So much for the notion that revived hopes for an additional round of quantitative easing from the Fed, which could have help stocks stave off a loss to open the week. Equities tumbled Monday in reaction to weak jobs data from vacation-day Friday, pushing the losing streak for major indices to four trading days.
Suddenly, now, we're heading into a tremendously important earnings season, and all eyes will turn to these reports for some much-needed good news. If it isn't there, we could have some challenging days ahead, as the slowing job growth has rattled investor confidence quite a bit. I'm anticipating more weakness in upcoming sessions. If earnings reports from bellwether companies don't knock investors' socks off, anxiety could spread rapidly. Expect markets to whipsaw in coming days, oscillating between gains and losses as investors try to read the tea leaves from disappointing jobs figures and the lead-off hitters for corporate earnings season.
In any case, this type of environment is a perfect setting to shift a bit of exposure towards some of the ETFs that target low-volatility stocks. This highly innovative idea is pretty straightforward: These products hold portfolios of stocks that have exhibited the lowest historical volatility, with the goal of reducing downside risk when markets encounter turbulence. Past performance is, of course, not indicative of future returns. But these products have proven to be pretty effective at accomplishing their stated objectives over the last week as equity markets have tumbled under a wave of bad news.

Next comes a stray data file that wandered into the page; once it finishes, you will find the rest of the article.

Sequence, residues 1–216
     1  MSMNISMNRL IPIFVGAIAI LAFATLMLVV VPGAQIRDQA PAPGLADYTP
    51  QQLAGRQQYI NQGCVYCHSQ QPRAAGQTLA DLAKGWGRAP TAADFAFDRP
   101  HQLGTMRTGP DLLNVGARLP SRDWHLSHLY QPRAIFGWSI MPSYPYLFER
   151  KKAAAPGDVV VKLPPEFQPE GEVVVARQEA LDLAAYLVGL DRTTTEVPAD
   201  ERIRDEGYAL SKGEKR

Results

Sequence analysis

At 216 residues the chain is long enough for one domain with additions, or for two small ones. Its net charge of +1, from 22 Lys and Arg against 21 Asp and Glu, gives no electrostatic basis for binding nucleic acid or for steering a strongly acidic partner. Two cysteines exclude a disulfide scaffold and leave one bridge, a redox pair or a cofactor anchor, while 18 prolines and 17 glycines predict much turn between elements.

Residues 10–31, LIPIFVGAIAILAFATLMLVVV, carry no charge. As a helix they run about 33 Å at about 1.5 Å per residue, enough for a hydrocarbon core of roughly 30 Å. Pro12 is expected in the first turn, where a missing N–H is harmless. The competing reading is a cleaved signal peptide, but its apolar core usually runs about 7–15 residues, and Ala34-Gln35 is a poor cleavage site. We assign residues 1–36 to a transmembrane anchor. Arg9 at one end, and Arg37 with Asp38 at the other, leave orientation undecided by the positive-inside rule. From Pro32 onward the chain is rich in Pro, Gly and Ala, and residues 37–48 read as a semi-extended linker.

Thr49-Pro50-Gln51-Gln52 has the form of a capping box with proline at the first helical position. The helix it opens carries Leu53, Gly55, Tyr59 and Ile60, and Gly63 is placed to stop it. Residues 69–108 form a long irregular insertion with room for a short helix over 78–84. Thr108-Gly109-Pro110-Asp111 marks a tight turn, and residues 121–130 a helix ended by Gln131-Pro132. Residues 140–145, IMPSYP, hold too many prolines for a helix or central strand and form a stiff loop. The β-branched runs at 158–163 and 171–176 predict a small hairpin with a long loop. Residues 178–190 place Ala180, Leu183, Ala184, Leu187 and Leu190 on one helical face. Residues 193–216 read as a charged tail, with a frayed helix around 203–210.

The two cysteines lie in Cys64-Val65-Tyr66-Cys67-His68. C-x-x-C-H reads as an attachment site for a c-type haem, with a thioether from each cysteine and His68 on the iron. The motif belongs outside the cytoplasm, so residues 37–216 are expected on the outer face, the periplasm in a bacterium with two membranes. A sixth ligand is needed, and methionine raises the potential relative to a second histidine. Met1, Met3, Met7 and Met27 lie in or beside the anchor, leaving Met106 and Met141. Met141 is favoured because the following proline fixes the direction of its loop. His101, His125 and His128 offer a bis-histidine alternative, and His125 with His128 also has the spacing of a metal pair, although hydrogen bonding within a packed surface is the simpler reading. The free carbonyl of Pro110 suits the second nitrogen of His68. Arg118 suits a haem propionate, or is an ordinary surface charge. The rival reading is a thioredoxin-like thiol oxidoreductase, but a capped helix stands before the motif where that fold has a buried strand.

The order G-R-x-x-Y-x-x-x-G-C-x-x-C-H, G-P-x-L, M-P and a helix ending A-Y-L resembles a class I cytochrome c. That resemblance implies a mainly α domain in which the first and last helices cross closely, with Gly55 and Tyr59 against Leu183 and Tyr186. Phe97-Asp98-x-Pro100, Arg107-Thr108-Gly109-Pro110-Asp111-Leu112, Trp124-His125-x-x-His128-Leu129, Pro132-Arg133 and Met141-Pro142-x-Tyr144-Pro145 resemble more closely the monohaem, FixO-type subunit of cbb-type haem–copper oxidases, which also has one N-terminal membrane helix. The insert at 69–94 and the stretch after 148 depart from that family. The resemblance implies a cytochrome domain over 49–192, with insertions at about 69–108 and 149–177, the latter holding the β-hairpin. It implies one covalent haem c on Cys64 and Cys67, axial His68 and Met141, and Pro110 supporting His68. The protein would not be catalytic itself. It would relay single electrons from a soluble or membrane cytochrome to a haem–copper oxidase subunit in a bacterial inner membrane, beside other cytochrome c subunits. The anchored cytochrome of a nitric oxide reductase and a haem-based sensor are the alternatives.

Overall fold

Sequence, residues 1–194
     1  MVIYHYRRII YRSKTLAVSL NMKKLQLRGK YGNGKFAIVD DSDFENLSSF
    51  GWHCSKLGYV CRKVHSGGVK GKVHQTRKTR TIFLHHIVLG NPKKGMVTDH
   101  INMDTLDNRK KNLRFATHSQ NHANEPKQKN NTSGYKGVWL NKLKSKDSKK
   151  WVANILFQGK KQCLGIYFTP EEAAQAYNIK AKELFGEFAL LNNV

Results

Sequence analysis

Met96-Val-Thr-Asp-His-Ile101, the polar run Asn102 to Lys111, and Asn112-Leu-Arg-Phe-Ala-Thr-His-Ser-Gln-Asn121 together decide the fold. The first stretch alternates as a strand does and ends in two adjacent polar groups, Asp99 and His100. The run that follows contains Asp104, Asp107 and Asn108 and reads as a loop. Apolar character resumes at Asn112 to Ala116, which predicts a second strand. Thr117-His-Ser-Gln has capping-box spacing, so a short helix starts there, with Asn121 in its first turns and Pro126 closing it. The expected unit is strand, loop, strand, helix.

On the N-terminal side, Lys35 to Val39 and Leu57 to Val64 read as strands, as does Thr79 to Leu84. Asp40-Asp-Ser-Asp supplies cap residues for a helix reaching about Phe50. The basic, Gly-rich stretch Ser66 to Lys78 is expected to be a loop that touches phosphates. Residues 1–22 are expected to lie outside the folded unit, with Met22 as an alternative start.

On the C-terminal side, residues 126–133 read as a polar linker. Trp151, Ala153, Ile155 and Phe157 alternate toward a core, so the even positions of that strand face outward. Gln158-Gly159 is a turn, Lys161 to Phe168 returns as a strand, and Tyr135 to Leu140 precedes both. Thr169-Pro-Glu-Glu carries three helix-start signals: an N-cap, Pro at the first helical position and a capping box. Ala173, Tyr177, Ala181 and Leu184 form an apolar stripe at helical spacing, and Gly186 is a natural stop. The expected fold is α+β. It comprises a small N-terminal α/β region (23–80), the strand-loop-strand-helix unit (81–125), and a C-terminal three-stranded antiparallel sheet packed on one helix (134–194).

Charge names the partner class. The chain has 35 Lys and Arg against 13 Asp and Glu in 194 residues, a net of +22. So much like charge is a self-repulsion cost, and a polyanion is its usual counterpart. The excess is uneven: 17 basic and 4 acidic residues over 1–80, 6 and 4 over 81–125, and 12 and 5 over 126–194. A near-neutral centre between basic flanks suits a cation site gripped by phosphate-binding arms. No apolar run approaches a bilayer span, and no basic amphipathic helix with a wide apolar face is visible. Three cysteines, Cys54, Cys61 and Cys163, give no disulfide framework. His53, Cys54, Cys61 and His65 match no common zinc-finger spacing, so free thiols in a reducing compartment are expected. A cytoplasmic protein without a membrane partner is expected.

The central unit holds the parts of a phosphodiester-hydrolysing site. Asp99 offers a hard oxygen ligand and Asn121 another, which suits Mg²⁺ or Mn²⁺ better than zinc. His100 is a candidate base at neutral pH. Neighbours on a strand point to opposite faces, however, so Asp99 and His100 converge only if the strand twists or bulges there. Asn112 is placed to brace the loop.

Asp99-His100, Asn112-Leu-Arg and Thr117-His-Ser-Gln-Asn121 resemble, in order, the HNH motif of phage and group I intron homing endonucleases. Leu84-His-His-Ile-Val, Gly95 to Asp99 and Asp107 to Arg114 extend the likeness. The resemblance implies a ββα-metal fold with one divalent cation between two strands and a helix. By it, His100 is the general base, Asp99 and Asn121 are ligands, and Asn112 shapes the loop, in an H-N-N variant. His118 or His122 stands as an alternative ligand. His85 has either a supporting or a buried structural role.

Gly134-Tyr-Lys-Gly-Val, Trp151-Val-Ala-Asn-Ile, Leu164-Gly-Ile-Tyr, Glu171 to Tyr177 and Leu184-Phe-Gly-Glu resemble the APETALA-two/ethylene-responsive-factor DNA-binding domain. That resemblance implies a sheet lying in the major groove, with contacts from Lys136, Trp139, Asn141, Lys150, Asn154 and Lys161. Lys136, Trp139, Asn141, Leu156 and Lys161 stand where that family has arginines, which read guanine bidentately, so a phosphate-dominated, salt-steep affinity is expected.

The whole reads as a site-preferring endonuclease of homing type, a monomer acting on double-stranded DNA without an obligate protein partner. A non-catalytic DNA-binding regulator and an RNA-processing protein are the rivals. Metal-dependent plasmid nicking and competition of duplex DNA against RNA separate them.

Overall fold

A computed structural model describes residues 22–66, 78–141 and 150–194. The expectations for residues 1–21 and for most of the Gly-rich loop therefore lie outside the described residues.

Through Monday, most low-volatility ETFs were down quite a bit over the previous four sessions, as few equity funds have been spared from the wave of bad news. But these products have generally held on to their value much more efficiently than have "plain vanilla" ETF peers. The EGShares Emerging Markets High Dividend Low Volatility ETF (HILO) lost about 2.5% over the past week, beating the ultra-popular VWO Vanguard MSCI Emerging Markets ETF (VWO) by about 70 basis points.
Meanwhile, the PowerShares S&P 500 Low Volatility ETF (SPLV) has lost only about 1.6% over the previous four sessions, putting it about 100 basis points ahead of SPDR S&P 500 (SPY). The small-cap focused Russell 2000 Low Volatility ETF (SLVY) has similarly held its ground. That fund is down about 3.6% over the past four trading sessions, but remains far ahead of iShares Russell 2000 Index (IWM), which has lost about 4.3% over the same period.
In other words, the investment thesis behind these ETFs is valid: Low-volatility ETFs are proving their worth as tools for scaling back risk profile and curtailing losses when stocks head south.
There's a tendency among investors to focus only on the best tools to maximize gains, but it's equally important to pay attention to minimizing losses when stocks slide. Preserving capital in challenging environments puts you in much better position to capitalize when the bulls return, and low-volatility ETFs are cheap, easy ways to take a bit of risk off the table when stocks start to stumble.
If you're able to time market swings even in a general way, these products can provide a safe haven for riding out the storm while still keeping plenty of skin in the game and being able to participate in any sudden rallies. If you're concerned about the immediate prospects for global equity markets, but are not quite ready to jump straight to bonds, low-volatility ETFs provide a nice in-between point on the risk spectrum. Dialing back the risk just a bit can save you a few basis points if stocks continue to struggle without requiring you to incur significant opportunity costs if they pick up gains.
As for myself, I'm not yet hitting the panic button -- I believe there is plenty of room to run higher throughout the remainder of 2012. But for now, these ETFs -- HILO, SPLV and SLVY -- are looking like a good way to ride out the rocky stretch ahead.